25 July 2013
Join us on July 25 for the first of a series of six talks aimed at beginning and established researchers interested in developing their understanding of arts-based and arts-informed research, presented by Professor Robyn Ewing.
Using artistic processes and forms to collect, analyse or represent findings privileges our imaginations. Different art forms can allow us to engage in creative ways in developing new understandings and perspectives.
Like any innovative methodologies, Arts-informed/arts-based research has attracted a great deal of controversy and engenders lively debates about rigour, authenticity and appropriateness.
This lecture suggests principles for the use of these approaches in exploring relevant educational and social science research questions and examines some of the issues around their use. We will explore how research using arts-informed inquiry when appropriate can contribute perspectives and understandings that are distinctive from other methodologies.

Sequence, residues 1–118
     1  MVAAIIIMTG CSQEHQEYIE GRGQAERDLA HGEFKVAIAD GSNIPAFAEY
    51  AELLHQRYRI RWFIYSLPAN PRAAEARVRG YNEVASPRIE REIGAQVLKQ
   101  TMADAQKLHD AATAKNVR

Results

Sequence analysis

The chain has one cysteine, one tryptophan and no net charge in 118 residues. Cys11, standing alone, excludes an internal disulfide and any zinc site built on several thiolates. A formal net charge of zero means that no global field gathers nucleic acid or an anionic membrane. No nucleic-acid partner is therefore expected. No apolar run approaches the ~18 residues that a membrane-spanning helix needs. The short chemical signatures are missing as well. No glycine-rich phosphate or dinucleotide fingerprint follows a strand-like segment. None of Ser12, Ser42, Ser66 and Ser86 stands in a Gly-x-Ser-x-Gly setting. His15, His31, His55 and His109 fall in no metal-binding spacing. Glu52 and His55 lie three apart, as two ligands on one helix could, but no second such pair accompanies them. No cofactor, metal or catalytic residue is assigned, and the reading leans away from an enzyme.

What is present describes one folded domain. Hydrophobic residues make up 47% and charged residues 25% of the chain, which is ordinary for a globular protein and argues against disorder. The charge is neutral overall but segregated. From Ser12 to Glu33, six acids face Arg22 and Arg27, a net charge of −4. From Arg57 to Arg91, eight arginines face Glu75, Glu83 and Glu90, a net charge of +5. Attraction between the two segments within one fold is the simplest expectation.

Education Building A35, Room 612
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Professor Robyn Ewing is Professor of Teacher Education and the Arts. She teaches in the areas of curriculum, English and drama, working with both undergraduate and postgraduate students. Robyn is passionate about the Arts and education and the role quality arts experiences and processes can and should play in pedagogy across the curriculum.
In the ares of English, literacy and the arts, Robyn's research has particularly focused on the use of education or process drama with authentic literary texts to develop students' critical literacies. She has been published widely in this area.
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